Despite gaffes, Reds rip Cardinals, 7-3


One of pitcher Sal Romano’s favorite things to do during down time in the Cincinnati Reds clubhouse is to carry around a baseball bat, a strange thing since he has only one hit all season.

More apropos would be for Romano to carry around an official Major League baseball, holding it with his knuckle curve grip.

Using that specialty pitch to great advantage Wednesday afternoon in Great American Ball Park, Romano held the St. Louis Cardinals to two runs and seven hits over six innings.

And the Reds scored all their first five runs on home runs and all with two outs, to extract a 7-3 victory over Cardinals to win the series two games to one.

The Reds won this one in spite of themselves. If Jim Riggleman is kept as manager for next season, his top priority in spring training should be fundamentals, fundamentals, fundamentals.

The Reds perpetrated at least five fundamental gaffes in this one, but overcame them with the long ball — home runs by Eugenio Suarez, Adam Duvall and Tucker Barnhart.

Shortstop Jose Peraza twice took cutoff throws from the outfield and threw home when he should have held the ball, twice permitting Cardinals base runners to take an extra base.

The Reds botched a rundown between third and home, permitting trapped Matt Carpener to dive back into third base.

Billy Hamilton was picked off first base and Scooter Gennett was doubled off second base on a soft line drive to the shortstop.

But as William Shakespeare told us centuries ago, “All’s Well That Ends Well.”

Things began shakily in the top of the first for Romano when the Cardinals loaded the bases on two bloop hits and an infield hit. And that’s when the Reds bungled the rundown play. Romano, though, retired Dexter Fowler on a superb play by third baseman Eugenio Suarez.

St. Louis starter Jack Flaherty retired the first two in the bottom of the first then walked Joey Votto on a full count and paid dearly. Suarez drove an opposite field home run into the right field seats, his third homer in three games, for a 2-0 lead.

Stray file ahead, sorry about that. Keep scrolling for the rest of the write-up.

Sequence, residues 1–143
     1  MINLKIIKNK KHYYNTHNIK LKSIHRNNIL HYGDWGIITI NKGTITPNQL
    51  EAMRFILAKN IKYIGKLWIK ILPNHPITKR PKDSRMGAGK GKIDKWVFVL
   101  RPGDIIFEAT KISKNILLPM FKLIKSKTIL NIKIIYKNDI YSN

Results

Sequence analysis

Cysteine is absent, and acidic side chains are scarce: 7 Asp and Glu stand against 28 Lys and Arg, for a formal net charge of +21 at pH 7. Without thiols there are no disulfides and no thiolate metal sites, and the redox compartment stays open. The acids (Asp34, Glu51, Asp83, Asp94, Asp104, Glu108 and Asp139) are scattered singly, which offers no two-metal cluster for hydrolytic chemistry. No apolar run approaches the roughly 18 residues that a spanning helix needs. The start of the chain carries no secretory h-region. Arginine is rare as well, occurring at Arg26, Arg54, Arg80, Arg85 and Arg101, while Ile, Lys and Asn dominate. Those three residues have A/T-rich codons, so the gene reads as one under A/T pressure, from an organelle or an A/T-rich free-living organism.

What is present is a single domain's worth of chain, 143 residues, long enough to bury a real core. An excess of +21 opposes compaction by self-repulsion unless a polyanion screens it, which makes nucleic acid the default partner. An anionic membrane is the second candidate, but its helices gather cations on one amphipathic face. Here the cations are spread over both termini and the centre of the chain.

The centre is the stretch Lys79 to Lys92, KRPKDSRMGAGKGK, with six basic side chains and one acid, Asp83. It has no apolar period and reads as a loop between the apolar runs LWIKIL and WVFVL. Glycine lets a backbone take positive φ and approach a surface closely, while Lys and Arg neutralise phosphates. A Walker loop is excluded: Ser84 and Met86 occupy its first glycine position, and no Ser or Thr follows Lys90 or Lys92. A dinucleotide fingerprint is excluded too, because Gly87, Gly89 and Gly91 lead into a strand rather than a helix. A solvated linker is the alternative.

Paul DeJong hit a two-out home run in the second for the Cardinals, but Adam Duvall matched that with a two-out home run in the fourth to push the Reds to a 3-1 lead.

The Cardinals drew to within 3-2 in the sixth when Dexter Fowler walked and Yairo Munoz doubled him home. Peraza threw the relay throw home, enabling Munoz to take third. But Romano bowed his back and struck out Harrison Bader for the third time

Romano then speared pinch-hitter Tommy Pham’s drive threw the box barehanded and threw him out. It was the third time this season that Romano stopped hard-hit balls with his bare hand.

Gennett, 0 for 15 in the first five games after the All-Star break, doubled to lead the sixth en route to three hits. Votto walked to put two on with no outs.

Suarez hit a soft broken-bat liner to shortstop and Gennett was doubled off second. So the Reds now had only a runner on first with two outs. No problem. Barnhart crushed a two-run home run to right field and it was 5-2.

The Cardinals pulled within 5-3 in the seventh when the irrepressible Yadier Molina homered off the relief pitcher David Hernandez, Molina’s third hit.

Reds relief pitcher Jared Hughes pitched himself into a squirmy situation in the eighth by loading the bases with two outs, forcing him to face Molina. He popped up to right field to end it.

The inning featured a great at bat by Matt Carpenter, a 10-pitch battle that saw Carpenter foul off five straight 2-and-2 pitches before he walked to fill the bases.

The Reds put it away in the eighth against relief pitcher Luke Gregerson with a pair of runs on Phillip Ervin’s two-run double.

The Reds, 2-and-4 on the homestand, face the first-place Philadelphia Phillies four games, beginning Thursday night.



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